Our sincere thanks to Jay Zimmerman and the NFJS tour. The NFJS 2007 tour will start up again in March, and St. Louis will play host to this excellent tour on the third weekend in March (March 16–18). A free pass to the symposium as well as a copy of the NFJS book were raffled off yesterday.
After discussing the meaning of various TLAs such as SOA using Wikipedia as a guide, Scott presented the fundamentals of several popular ways of making and using web services.
Scott emphasized the importance of the language/vendor/platform neutrality as the most important characteristics of web services. He defined web services as "Make a request on port 80, get XML back. Oh, wait, ... but you get the idea." He also described the current popularity of web services as a "perfect storm" of ideas.
He then went on to explain in detail some of the specific technologies:
Scott mentioned that Yahoo! is JSON enabling most of their web services.
In a talk like this where I've heard some of the things before while other things are new to me, I tend to focus my attention to the new things. Here's some of the things that got my attention:
There are popular REST. And there are pure REST. The Servlet API gives you REST.
Apache HttpClient is all you need to access REST web services.
Use a proxy on the server side to access web services on other servers. It can be done in five lines of JSP.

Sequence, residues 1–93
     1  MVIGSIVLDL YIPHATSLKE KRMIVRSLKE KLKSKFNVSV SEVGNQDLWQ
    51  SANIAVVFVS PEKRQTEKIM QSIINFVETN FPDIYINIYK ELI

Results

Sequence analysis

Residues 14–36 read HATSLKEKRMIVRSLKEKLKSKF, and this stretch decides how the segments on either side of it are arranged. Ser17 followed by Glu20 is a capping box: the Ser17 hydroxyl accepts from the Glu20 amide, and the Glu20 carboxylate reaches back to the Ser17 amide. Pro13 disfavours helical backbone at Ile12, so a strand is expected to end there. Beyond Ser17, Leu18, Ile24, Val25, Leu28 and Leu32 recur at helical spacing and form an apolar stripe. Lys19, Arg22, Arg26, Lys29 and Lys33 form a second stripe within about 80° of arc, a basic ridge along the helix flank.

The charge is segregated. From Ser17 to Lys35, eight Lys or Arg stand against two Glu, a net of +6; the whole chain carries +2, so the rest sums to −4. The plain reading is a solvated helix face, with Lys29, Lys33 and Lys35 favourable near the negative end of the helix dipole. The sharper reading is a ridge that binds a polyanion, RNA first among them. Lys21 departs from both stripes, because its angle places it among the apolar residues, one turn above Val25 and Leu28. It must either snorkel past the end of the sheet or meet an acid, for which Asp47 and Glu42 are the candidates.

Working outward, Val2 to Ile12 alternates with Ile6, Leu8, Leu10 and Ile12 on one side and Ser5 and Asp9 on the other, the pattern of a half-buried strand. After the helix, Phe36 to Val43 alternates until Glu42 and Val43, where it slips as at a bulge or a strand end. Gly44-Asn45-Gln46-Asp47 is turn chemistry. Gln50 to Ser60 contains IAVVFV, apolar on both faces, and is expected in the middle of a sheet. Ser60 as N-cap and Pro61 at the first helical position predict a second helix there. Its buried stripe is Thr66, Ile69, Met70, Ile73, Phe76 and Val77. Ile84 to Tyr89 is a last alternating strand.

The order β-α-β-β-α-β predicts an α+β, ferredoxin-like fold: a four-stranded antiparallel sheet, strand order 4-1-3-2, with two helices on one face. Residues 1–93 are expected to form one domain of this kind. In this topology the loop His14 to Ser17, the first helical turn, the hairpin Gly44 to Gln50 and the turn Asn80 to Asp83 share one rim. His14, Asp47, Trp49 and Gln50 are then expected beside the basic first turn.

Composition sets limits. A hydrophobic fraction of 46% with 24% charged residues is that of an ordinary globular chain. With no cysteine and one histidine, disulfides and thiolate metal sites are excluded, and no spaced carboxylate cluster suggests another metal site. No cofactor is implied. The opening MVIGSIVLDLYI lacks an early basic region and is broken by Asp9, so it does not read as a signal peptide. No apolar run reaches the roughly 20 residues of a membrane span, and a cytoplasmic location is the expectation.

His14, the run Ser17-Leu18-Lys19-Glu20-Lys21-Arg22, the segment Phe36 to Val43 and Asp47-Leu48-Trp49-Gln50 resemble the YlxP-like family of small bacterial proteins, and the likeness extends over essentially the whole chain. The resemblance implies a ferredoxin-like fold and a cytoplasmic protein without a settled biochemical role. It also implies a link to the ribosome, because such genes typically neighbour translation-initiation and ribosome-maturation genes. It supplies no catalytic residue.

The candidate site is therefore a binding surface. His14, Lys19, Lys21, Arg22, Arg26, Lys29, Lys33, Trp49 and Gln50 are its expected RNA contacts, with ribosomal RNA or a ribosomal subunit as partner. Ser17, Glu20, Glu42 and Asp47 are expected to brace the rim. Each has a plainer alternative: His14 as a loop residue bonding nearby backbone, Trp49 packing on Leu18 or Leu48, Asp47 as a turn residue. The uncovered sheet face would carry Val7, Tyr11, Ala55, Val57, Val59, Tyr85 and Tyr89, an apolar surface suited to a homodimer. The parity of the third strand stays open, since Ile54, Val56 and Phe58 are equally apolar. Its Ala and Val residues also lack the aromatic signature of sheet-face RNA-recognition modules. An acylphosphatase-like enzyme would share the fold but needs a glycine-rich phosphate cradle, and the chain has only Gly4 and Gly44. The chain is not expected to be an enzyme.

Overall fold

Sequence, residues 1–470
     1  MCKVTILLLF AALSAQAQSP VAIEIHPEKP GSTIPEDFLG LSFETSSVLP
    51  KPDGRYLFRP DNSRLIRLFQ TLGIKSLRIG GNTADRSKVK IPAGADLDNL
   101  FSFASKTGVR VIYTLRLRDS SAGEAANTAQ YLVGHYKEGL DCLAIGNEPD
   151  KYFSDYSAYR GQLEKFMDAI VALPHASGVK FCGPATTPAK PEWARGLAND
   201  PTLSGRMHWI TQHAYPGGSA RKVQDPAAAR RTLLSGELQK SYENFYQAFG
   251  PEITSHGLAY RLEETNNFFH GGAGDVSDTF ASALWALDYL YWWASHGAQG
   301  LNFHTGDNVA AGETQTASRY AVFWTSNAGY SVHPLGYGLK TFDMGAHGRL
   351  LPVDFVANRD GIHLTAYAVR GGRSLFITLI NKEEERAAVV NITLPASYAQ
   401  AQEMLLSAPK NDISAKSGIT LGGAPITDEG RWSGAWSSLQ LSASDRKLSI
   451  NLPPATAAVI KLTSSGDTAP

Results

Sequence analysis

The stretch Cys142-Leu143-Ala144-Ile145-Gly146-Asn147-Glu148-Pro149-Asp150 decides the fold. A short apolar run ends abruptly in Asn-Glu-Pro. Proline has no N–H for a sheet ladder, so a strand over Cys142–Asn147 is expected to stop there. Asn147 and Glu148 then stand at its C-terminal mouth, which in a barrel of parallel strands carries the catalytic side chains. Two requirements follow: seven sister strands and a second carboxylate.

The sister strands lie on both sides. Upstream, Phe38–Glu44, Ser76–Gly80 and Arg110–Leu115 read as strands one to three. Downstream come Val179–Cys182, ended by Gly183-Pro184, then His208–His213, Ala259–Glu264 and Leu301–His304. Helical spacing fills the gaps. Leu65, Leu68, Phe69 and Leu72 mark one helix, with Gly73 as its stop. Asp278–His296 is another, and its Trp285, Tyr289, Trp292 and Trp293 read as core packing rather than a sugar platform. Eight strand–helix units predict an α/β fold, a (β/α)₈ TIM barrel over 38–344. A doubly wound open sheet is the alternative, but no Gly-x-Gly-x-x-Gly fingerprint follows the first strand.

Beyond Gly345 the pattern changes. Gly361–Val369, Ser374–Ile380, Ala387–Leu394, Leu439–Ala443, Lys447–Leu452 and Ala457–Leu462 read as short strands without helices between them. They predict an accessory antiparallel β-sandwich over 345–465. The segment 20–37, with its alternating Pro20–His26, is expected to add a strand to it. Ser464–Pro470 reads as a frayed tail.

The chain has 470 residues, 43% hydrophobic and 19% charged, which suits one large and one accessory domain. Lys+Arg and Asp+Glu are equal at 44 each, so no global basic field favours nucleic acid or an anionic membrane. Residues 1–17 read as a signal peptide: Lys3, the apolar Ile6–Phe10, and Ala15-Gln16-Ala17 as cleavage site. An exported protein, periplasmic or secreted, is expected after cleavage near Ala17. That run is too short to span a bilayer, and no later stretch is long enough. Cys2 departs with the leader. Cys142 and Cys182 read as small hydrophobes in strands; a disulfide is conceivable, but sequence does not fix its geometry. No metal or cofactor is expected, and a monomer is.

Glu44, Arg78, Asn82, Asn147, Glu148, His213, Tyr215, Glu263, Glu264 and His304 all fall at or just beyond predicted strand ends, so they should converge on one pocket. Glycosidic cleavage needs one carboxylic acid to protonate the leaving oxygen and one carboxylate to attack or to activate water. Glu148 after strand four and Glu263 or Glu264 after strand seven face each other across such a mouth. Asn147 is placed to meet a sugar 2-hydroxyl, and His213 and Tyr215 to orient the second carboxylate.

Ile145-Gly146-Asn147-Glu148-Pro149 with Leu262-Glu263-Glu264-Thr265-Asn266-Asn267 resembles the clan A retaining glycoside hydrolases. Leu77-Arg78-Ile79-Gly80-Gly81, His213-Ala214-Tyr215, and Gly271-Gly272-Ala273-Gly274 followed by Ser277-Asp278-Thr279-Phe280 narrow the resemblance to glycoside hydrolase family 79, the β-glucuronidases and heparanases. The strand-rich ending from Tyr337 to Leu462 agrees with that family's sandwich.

Another theme that crawled into the talk is Groovy. Maybe it's because we just had a Grails talk by Jeff Brown last month. Maybe it's because Scott is the force behind aboutGroovy.org. Maybe it's because Groovy just had a 1.0 release and the NFJS (and its parent organization) sponsored the final push. Somehow the "2007 is going to be a break out year for Groovy" idea took root in my brain.
Off the talk, here's some of the things we chatted about:
Scott worked on a product that had 100,000 lines of Groovy code, and they are very happy with the language.
Many people are taking notes of JSON at this moment. I joked that JSON is going to gain a set of WS-JSON-* specifications.
I got to meet Scott Delap, currently the Java editor for InfoQ and also a fellow St. Louisian. And I didn't get a chance to say "InfoQ rocks" to him. Well, there is always next time.